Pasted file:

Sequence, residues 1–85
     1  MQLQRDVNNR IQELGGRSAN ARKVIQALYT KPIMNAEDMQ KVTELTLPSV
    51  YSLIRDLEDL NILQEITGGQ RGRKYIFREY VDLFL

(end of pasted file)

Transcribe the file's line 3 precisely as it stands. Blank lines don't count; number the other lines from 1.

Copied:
    51  YSLIRDLEDL NILQEITGGQ RGRKYIFREY VDLFL